OPFCON: How has OPF contributed to the international digital preservation community? Where would this community be without OPF?
In another life I would have been visiting Vienna again last Wednesday. I visited and lived there for a short period last year. My first time visiting was iPRES 2010.
9-10 June 2020 was to be OPFCON a celebration of 10 years of the OPF. OPF stands for the Open Preservation Foundation which used to be a European Funded project. 10 years represents the end of the European project, a re-branding, and the creation of an organisation of a very different shape contributing to the digital preservation landscape.
Today in a C19 world, the conference was held online. The effort by Becky, Charlotte, Martin Wrigley, Martin Speller, and Carl, and everyone else who contributed to organizing to make it happen looked tremendous, and the outcome was exceptional. When the video proceedings come out, and the collaborative notes, I think there’ll something for everyone in all of the sessions to go back to and rewatch.
My abstract for OPFCON was partially accepted. The abstract can be read in the footnotes to this piece .
The folks organizing the various sessions noted that my panel fitted into a group of talks that might also work as a shared panel. Alongside Adam Farquhar, a founding member of the OPF, and Jacqueline Slats of the National Archives of the Netherlands.
We were each given one question.
How do you think the digital preservation landscape has changed in the last ten years? – Jacqueline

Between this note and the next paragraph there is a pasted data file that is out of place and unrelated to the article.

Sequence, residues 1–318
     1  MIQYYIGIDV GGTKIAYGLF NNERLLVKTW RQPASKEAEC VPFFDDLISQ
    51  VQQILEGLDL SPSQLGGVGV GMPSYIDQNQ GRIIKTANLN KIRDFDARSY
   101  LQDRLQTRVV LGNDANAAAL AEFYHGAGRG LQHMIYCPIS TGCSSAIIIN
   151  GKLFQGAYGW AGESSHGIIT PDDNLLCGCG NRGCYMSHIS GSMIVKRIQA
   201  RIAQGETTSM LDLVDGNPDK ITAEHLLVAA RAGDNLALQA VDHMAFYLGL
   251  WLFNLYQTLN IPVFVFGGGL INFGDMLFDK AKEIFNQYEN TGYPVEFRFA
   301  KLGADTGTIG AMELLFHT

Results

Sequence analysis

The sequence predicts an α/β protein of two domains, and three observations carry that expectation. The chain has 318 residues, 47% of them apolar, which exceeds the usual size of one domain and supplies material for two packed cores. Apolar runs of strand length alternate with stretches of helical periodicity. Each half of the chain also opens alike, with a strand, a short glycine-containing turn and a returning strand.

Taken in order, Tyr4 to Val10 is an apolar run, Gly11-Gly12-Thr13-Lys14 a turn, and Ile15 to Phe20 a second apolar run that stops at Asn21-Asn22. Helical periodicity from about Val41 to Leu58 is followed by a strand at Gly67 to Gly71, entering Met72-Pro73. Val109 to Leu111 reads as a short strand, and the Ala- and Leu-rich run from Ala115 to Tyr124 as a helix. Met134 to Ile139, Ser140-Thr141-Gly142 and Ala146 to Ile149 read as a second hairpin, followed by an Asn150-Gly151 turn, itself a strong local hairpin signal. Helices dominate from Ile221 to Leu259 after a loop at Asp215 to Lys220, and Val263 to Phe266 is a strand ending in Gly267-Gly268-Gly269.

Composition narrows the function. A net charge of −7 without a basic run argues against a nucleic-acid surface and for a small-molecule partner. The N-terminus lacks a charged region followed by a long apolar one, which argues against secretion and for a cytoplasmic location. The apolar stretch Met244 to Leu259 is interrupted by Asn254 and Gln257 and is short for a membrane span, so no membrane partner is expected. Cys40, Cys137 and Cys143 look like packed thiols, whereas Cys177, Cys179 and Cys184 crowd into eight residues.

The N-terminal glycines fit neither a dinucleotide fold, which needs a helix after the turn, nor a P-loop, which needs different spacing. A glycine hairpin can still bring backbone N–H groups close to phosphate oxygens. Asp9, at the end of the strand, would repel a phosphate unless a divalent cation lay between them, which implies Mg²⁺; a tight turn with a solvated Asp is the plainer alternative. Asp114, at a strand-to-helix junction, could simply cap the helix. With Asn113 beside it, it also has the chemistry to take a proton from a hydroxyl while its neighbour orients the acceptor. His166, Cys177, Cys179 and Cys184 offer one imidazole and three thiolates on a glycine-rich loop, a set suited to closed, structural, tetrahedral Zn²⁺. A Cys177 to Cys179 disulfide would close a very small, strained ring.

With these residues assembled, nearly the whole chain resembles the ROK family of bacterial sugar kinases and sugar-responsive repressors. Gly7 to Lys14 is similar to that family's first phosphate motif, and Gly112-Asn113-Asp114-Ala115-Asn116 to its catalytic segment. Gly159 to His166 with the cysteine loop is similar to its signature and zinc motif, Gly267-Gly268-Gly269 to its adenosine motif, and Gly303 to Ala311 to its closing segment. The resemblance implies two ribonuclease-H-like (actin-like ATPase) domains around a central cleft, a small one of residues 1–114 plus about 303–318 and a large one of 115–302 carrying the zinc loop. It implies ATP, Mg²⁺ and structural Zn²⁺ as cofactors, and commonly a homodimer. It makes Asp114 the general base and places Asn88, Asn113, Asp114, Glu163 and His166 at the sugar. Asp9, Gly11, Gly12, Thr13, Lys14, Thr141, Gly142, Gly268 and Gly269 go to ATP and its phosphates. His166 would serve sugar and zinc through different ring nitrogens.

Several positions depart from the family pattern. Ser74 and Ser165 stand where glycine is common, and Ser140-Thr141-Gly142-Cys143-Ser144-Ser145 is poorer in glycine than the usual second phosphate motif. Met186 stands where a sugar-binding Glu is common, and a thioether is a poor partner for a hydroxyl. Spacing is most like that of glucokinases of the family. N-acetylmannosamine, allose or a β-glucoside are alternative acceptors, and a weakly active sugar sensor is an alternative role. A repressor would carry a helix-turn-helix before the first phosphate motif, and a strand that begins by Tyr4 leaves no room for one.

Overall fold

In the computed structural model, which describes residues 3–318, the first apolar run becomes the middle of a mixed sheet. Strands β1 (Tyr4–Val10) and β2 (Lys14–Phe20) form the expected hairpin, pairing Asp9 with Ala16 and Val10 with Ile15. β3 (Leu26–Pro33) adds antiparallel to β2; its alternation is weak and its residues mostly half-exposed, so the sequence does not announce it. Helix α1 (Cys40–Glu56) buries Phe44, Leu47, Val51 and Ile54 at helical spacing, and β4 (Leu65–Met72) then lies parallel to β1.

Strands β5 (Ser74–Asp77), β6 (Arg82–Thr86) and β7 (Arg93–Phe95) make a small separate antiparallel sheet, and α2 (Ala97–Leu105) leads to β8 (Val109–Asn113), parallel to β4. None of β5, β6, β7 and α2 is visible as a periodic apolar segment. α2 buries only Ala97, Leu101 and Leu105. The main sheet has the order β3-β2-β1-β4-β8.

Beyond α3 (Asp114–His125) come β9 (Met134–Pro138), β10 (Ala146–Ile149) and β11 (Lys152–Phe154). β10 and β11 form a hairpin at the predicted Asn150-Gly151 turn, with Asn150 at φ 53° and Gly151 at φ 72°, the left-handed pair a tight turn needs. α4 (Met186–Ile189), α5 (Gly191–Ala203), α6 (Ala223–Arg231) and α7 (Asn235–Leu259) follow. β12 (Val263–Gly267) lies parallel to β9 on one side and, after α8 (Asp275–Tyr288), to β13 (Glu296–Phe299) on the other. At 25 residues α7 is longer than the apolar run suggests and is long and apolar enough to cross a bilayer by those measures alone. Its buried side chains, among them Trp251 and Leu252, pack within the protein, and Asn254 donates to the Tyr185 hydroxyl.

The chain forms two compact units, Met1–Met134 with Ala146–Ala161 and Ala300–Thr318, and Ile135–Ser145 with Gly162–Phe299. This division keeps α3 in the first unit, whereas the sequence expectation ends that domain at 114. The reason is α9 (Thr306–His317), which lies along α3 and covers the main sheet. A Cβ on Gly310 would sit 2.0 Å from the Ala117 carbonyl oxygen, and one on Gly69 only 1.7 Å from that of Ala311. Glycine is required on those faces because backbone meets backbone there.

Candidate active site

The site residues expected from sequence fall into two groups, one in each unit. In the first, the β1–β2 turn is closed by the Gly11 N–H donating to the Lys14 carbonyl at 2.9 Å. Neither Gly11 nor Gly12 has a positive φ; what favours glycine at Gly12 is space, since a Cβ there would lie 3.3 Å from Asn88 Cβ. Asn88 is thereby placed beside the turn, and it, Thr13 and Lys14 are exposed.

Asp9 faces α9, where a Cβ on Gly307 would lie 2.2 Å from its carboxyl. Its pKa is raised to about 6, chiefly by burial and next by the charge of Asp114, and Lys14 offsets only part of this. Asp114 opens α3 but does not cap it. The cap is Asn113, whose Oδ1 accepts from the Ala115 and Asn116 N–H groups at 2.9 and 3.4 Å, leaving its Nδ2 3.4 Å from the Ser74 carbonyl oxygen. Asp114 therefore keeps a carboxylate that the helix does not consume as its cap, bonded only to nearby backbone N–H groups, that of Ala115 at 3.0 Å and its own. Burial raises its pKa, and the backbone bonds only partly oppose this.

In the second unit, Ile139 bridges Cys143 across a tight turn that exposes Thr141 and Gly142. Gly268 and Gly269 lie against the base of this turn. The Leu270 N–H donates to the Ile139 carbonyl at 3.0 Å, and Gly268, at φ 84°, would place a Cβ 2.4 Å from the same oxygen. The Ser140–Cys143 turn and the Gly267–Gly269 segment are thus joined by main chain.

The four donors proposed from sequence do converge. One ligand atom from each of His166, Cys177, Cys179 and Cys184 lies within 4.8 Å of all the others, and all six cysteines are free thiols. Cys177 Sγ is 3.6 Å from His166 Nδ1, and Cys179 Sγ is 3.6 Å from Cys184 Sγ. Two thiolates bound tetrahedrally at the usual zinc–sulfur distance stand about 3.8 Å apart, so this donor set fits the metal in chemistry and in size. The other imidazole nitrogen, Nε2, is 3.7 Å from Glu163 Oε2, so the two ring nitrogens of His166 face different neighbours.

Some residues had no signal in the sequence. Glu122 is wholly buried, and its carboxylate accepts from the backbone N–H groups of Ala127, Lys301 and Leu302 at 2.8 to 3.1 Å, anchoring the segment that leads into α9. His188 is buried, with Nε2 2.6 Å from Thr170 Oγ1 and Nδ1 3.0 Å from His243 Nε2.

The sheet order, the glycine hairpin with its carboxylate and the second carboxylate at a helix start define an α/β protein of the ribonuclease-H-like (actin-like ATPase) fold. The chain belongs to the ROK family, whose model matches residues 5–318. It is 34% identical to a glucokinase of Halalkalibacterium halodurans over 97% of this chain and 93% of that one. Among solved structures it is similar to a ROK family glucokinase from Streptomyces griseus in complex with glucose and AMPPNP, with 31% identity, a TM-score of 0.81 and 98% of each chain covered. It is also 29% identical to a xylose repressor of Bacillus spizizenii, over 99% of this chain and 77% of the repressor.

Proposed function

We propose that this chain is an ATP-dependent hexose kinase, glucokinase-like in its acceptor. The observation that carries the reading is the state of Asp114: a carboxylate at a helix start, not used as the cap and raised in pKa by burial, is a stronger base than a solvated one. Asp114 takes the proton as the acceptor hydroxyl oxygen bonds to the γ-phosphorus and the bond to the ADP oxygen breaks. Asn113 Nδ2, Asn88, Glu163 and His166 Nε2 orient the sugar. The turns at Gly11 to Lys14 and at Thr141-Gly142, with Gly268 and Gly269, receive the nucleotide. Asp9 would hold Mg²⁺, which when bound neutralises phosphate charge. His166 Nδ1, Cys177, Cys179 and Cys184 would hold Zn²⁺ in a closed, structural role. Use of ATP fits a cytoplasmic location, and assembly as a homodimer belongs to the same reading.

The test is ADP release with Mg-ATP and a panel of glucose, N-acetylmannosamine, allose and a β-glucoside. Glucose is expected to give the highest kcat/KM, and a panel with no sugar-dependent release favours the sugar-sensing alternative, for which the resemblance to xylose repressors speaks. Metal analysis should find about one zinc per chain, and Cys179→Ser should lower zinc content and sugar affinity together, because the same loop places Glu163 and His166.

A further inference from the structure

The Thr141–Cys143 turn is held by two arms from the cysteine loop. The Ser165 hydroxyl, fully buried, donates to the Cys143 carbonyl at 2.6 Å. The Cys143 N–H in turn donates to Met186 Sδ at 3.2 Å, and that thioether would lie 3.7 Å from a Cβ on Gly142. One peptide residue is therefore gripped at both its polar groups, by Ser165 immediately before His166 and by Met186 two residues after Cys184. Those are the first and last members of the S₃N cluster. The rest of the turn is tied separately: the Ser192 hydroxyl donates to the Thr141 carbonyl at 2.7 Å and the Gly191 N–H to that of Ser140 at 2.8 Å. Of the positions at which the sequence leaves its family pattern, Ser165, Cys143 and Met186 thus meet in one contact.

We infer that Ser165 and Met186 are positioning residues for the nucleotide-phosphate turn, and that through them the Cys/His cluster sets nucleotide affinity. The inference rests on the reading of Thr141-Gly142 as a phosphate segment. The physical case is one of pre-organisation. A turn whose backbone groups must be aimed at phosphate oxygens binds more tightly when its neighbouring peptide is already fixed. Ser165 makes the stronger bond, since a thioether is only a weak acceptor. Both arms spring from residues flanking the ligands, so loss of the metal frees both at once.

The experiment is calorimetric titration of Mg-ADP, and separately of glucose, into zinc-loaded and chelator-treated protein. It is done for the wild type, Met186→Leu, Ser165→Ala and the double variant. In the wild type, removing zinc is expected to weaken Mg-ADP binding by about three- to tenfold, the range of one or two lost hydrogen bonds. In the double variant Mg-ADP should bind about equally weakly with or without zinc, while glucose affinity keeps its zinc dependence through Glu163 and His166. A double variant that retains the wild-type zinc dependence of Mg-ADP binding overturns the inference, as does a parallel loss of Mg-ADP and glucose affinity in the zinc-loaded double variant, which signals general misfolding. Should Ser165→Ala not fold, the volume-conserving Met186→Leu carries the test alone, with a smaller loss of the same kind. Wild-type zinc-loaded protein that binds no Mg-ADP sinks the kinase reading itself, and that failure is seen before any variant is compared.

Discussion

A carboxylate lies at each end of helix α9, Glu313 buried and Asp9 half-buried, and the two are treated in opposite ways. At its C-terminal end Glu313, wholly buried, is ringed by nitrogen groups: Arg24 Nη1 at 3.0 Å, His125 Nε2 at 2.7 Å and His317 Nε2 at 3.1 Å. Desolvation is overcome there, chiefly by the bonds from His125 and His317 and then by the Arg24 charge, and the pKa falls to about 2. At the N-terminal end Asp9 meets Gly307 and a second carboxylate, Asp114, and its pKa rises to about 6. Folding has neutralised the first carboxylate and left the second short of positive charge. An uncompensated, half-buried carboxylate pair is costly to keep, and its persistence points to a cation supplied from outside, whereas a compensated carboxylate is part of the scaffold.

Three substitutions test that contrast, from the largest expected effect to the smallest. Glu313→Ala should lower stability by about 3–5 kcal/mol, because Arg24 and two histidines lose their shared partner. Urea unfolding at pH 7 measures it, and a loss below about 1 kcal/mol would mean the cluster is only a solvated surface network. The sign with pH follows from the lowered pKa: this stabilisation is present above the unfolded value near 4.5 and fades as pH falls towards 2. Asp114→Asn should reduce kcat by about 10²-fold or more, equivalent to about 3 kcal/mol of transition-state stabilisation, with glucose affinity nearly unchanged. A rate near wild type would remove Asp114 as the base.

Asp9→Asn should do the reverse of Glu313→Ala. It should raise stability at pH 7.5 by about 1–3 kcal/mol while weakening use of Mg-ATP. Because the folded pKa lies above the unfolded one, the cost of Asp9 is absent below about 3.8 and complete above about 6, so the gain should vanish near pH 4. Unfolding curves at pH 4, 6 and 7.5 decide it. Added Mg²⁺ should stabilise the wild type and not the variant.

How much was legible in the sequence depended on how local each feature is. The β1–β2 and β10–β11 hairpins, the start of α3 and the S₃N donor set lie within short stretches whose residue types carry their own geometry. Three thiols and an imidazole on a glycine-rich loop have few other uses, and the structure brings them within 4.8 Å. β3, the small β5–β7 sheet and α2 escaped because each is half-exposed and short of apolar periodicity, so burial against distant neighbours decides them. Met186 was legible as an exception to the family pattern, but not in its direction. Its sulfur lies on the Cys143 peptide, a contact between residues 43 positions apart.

What did you see as the Foundation’s vision when it was first established? How far do you think it has come towards achieving that? Has this vision changed? – Adam
How has OPF contributed to the international digital preservation community? Where would this community be without OPF?
The notes from the answer I delivered are below.
First, thank you for the opportunity to be on this panel along with such esteemed colleagues in the field of digital preservation.
I feel really fortunate to have this question as it frees me to speak about my lived experience of the OPF rather than the gestalt.
My background goes back to the last two years of PLANETS when I was at the National Archives of the UK, through to the OPF today.
I wanted to reflect on an evolution of the OPF since PLANETS. Evolution is an important word because often we set out with a plan about where we want to go, and indeed, we might arrive there, but it’s not always a straight path.
Evolution captures that complexity.
We saw that in Barbara’s review earlier. And Adam’s opening comments speak to the challenges of getting there as well.
Going back to PLANETS for a moment. There’s a way a 15 million Euro project needs to be run.
There’s a way large national institutions engage, and a way new and increasingly middle-career people have to engage through their institutions. And also engage with their work.